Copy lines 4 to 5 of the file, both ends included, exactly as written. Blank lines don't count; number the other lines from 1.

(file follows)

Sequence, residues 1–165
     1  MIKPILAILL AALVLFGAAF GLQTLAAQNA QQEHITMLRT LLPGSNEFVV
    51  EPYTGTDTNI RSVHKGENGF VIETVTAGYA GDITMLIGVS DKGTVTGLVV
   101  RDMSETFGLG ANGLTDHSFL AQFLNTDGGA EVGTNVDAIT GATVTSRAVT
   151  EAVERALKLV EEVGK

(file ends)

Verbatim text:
   101  RDMSETFGLG ANGLTDHSFL AQFLNTDGGA EVGTNVDAIT GATVTSRAVT
   151  EAVERALKLV EEVGK